I sat in the lobby waiting to hear my name. Mismatched clothes, slippers for shoes, bloated and empty belly resting on my striped thighs.
I couldn’t look at the glowing women around me, I wondered what they might see in my face?
Nothing at all
I kept my face down so they, swollen with child and hope, wouldn’t look at me, swollen with IV fluids and despair, and wonder, “Will I end up like her, too?” Keeping my eyes averted felt like compassion. Keeping my post-birth destruction hidden felt like the least I could do for those awaiting their big day.
The pen in my hand reminded me that I was supposed to be doing something. Doing something, doing something, what was I supposed to be doing?
Answering questions, that’s right, answering questions. I was so tired of answering questions.
“Are you able to laugh and see the funny side of things?”
I pondered this question and was surprised to feel a smile spread across my face. But not a joyful smile. Not a smile that meant I could “see the funny side of things.” Not a smile that precedes a joyful explosion of laughter.
Am I able to laugh and see the funny side of things?
Like how it’s funny that my lower half is being held together by dozens of stitches, threatening to give out at any moment?
And how it’s funny that my labor was several days long and full of complications and scares? And the delivery was traumatic and my daughter spent her first days in the NICU instead of at my breast or in my arms?
And how it’s especially hilarious that I can’t soothe my screaming baby at all hours of the night because it hurts to stand, move, and breathe?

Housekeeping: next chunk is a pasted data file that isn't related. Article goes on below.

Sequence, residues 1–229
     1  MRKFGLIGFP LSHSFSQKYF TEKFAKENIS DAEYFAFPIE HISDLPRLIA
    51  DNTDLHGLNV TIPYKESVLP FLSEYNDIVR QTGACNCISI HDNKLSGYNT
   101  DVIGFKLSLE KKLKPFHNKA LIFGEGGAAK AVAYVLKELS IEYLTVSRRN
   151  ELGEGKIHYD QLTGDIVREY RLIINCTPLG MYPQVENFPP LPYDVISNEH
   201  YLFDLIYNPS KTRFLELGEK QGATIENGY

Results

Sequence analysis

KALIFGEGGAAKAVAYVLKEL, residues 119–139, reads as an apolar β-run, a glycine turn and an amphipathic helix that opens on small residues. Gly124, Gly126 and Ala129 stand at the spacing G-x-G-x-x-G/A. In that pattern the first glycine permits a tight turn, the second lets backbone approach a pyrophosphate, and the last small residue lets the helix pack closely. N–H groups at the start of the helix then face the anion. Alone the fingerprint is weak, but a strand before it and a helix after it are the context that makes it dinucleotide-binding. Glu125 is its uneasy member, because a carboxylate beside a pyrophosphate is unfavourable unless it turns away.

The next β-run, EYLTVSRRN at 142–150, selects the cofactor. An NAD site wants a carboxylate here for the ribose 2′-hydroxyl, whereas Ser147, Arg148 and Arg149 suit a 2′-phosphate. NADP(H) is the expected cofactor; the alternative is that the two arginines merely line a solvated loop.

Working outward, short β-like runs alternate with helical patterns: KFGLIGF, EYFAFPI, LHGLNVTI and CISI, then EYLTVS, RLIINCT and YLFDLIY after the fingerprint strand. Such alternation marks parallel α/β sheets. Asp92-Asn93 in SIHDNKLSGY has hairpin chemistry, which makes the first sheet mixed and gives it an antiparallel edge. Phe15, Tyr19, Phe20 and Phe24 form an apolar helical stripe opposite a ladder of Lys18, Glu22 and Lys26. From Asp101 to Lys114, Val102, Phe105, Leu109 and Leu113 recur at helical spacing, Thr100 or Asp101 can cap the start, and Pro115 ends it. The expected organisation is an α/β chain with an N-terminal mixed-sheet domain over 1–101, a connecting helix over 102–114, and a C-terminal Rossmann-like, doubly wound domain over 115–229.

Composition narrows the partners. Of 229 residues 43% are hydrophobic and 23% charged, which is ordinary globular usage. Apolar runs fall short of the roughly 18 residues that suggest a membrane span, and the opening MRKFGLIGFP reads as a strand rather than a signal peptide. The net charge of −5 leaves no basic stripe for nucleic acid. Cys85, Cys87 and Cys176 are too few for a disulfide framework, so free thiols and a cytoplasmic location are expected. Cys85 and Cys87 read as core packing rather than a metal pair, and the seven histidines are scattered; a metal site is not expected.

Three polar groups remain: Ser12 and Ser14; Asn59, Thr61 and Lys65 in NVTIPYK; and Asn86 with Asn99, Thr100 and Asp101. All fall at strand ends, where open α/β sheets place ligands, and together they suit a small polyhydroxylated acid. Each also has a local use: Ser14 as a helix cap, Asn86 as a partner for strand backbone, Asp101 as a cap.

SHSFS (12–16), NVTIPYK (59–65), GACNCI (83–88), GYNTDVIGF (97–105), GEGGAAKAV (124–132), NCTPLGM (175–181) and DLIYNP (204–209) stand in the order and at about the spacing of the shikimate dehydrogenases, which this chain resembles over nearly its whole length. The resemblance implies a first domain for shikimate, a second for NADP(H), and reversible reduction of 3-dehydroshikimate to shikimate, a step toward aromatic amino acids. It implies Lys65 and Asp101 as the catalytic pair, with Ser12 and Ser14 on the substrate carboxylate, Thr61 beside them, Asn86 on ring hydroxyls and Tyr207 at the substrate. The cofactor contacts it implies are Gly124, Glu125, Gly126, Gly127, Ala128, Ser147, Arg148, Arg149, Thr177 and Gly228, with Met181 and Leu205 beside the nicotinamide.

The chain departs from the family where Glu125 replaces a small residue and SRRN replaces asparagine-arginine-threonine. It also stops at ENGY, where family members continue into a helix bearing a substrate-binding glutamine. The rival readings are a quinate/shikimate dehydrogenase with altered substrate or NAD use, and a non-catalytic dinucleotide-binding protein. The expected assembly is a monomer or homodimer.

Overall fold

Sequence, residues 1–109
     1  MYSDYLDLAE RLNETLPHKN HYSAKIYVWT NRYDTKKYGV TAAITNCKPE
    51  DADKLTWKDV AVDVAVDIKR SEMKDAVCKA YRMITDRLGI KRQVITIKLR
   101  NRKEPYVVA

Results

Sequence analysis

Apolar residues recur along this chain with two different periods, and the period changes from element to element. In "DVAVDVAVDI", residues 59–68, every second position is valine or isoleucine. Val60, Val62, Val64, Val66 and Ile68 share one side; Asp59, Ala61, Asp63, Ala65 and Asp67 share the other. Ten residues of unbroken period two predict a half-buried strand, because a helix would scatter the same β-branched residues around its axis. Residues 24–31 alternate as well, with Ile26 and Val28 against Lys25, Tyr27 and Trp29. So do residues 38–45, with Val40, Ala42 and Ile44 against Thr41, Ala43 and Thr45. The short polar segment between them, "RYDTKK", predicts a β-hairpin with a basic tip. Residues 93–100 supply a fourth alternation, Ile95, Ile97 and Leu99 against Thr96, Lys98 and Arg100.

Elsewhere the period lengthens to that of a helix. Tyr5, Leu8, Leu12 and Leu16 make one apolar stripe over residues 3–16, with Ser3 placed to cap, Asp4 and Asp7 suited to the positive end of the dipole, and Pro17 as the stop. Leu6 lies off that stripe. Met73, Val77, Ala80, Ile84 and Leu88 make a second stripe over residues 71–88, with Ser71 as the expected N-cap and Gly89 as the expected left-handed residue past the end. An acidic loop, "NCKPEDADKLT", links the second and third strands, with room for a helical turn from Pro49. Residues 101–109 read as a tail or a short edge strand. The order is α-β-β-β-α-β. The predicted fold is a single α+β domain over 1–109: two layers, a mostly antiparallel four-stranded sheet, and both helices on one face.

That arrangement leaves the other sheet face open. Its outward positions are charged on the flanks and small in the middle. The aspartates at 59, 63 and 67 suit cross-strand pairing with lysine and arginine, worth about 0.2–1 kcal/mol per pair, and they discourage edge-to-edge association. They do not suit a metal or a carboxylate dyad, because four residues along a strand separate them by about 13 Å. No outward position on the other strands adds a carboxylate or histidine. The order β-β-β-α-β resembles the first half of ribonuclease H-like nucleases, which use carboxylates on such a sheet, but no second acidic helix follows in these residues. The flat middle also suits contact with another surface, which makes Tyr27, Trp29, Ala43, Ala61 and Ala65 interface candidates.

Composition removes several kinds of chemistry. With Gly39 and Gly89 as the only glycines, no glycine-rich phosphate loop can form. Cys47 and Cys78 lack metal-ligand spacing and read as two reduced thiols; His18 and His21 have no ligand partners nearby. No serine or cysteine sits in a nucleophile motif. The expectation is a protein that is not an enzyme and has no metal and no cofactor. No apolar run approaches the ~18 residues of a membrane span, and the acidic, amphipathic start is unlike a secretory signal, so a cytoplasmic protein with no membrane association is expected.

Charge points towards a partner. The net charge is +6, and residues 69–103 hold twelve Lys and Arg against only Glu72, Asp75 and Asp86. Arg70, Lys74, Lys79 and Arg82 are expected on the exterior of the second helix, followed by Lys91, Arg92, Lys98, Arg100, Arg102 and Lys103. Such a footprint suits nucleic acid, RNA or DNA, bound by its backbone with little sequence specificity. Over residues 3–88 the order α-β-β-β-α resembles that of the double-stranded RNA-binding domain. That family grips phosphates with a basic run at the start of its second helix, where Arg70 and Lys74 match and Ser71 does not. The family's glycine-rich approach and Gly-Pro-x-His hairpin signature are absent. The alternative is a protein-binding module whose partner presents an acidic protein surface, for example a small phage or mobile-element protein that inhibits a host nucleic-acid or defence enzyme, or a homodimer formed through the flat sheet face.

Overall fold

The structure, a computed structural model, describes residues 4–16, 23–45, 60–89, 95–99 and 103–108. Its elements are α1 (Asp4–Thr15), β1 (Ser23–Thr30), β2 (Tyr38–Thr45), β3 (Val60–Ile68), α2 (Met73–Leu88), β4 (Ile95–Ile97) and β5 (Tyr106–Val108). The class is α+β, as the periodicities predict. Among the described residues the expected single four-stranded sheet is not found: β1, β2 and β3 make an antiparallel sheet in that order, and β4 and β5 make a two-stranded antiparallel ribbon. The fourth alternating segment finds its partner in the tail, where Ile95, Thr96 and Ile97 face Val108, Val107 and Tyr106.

Sure. I can laugh and see the funny side of things.
Question number two, “Do you look forward with enjoyment to things?”
Is this a joke? Did they give me the wrong questionnaire? Do they know that a human recently emerged from my body and now screams at me day and night while everyone asks, “Are you happier than you’ve ever been before?” Certainly this couldn’t be the postpartum depression screening.
I chuckled aloud at this point. So maybe I could laugh and see the funny side of things after all.
Back to the question. Do I look forward to things with enjoyment?
Like am I looking forward to several more months of pain? And physical therapy? And all the unknowns of raising a child? And the constant heart palpitations from preeclampsia and anemia? And sleeping three hours per day? And having to buy a new wardrobe because nothing fits? And returning to work, leaving my baby in the arms of a stranger, before I’ve even stopped bleeding from her birth?
Sure. I’m looking forward to things with enjoyment.
Another question. Deep breath, here we go. “Have you been anxious or worried for no good reason?”
For the second time, I laughed aloud and seriously considered changing my answer to number one. “Turns out I can definitely still laugh, but it might be for darker reasons than you find acceptable.”
The wording of the question felt offensive. Is a newborn baby considered “no good reason” to feel anxious and worried? When I’ve never been a mom before? And I’ve never functioned on so little sleep? And my unrecognizable boobs are exploding angrily with milk? And I’m terrified of slipping on my wooden steps while holding the baby? And my whole entire life changed overnight and I’m not sure who I really am in this new life, this new role? And I’m scared at any moment that my unstable blood pressure will spike again and I’ll go back to the hospital or have a seizure? And I’m not sure if the baby’s congestion is an allergy or if she’s sick or if it’s just normal newborn congestion? And SIDS is a thing that exists for some God awful reason? And they discharge you from the hospital like, “Call us if you start hemorrhaging at home or if you feel like you had a pulmonary embolism or if you want to hurt yourself or the baby okay bye!”